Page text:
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the Complete Review
the complete review - fiction

     

Digitized

by
Peter J. Bentley


general information | review summaries | our review | links | about the author

To purchase Digitized



Title: Digitized
Author: Peter J. Bentley
Genre: Novel
Written: 2012
Length: 240 pages
Availability: Digitized - US
Digitized - UK
Digitized - Canada
Digitized - India
  • The Science of Computers and How It Shapes Our World

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Our Assessment:

B : decent overview and introduction, but moves frustratingly in and out of focus

See our review for fuller assessment.




Review Summaries
Source Rating Date Reviewer
The Guardian . 16/3/2012 Steven Poole
New Scientist . 24/3/2012 Niall Firth


  From the Reviews:
  • "With cheerful geekiness and biographical vim, Bentley sketches the history of computing" - Steven Poole, The Guardian

  • "Digitized is as much about the people behind the breakthroughs -- the bright, inquisitive minds who saw something that their peers did not and used the tools of their era to push forward human understanding" - Niall Firth, New Scientist

Please note that these ratings solely represent the complete review's biased interpretation and subjective opinion of the actual reviews and do not claim to accurately reflect or represent the views of the reviewers. Similarly the illustrative quotes chosen here are merely those the complete review subjectively believes represent the tenor and judgment of the review as a whole. We acknowledge (and remind and warn you) that they may, in fact, be entirely unrepresentative of the actual reviews by any other measure.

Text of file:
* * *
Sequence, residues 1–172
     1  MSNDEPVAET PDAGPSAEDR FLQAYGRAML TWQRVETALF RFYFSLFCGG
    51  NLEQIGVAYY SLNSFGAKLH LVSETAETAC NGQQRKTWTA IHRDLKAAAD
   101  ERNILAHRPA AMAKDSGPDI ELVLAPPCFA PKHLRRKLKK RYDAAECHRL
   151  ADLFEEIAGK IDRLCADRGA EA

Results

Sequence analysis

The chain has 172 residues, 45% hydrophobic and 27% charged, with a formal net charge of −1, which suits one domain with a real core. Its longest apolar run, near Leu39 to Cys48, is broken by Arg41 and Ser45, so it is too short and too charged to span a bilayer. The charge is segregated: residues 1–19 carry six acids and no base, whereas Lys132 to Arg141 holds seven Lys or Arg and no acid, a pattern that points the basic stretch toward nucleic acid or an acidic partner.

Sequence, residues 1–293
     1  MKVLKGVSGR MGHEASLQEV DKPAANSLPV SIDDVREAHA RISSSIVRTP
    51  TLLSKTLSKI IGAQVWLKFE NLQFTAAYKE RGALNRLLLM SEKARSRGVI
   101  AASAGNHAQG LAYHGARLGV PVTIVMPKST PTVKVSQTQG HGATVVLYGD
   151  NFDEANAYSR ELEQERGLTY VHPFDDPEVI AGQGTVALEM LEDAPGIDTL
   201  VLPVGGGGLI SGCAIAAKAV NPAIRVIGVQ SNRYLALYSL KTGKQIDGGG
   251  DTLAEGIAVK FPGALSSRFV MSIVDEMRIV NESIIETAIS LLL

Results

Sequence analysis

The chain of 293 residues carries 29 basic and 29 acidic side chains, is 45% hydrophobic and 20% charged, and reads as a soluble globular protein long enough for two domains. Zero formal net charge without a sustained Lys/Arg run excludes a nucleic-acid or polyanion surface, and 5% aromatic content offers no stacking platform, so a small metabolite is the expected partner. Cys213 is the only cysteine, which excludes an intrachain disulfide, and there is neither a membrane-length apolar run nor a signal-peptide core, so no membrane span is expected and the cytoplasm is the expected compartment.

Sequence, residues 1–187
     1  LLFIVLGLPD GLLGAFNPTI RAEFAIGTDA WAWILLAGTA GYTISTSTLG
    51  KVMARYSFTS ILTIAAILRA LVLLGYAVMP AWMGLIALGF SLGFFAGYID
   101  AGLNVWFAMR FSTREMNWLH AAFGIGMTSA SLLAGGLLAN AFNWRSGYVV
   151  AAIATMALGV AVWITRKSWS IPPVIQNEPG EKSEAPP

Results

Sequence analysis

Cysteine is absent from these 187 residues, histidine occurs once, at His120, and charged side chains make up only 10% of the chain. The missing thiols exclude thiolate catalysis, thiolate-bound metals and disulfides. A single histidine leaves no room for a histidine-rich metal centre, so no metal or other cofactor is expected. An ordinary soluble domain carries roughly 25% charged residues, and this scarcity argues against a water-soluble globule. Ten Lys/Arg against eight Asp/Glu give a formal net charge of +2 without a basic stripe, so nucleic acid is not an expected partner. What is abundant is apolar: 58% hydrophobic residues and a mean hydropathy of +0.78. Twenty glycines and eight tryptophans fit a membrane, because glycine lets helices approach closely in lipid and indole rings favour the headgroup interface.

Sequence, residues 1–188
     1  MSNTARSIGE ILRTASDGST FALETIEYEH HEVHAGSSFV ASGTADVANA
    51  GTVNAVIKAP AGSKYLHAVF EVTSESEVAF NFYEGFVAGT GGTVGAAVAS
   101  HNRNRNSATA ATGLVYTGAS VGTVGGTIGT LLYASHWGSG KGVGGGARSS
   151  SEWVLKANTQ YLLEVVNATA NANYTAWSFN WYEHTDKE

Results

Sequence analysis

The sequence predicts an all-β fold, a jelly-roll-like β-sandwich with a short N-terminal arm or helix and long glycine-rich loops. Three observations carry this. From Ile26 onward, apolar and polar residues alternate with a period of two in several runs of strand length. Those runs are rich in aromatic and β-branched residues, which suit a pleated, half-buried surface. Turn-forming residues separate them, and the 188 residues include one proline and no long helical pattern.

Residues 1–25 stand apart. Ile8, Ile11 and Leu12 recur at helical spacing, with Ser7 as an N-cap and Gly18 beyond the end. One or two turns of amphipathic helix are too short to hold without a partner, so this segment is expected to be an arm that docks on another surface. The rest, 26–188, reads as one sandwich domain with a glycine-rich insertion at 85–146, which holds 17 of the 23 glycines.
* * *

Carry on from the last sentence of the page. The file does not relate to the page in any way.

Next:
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The complete review's Review:

       The subtitle of Digitized promises it is a look at The Science of Computers and How It Shapes Our World; as it turns out, it tries to be a bit more -- in presenting computer science and software engineering Peter Bentley also devotes considerable space to the men (it's pretty much all men) and minds behind all this, unevenly and distractingly. Inventors and innovators may seem to be tied inextricably to the subject-matter (though really: they're not, and leaving biography out of it entirely is just fine), but mixing biography and science is generally only effective -- if at all -- if done on a much more expansive scale: Claude Shannon was certainly a fascinating guy, but if you want to convey that you probably need to do so on the scale that, say, James Gleick did in The Information. On the other hand, if you only have 240 pages to explain The Science of Computers and How It Shapes Our World then there is no excuse for sentences such as:

Kirstein didn't really know Shannon, but found the thirty-nine-year-old scientist to be an impressive person, very thin, with piercing eyes.
       (Yes, ours is an age of journalistic popular science writing, with an emphasis on (personal) profile rather than (science) substance, and maybe it's inspiring to the kids, to see where these people came from and how they managed to get where they got (and to ... learn about their physiques ?), but there's a lot to be said for just focusing on the wonder that is the science itself (and there are certainly too few books that do so).)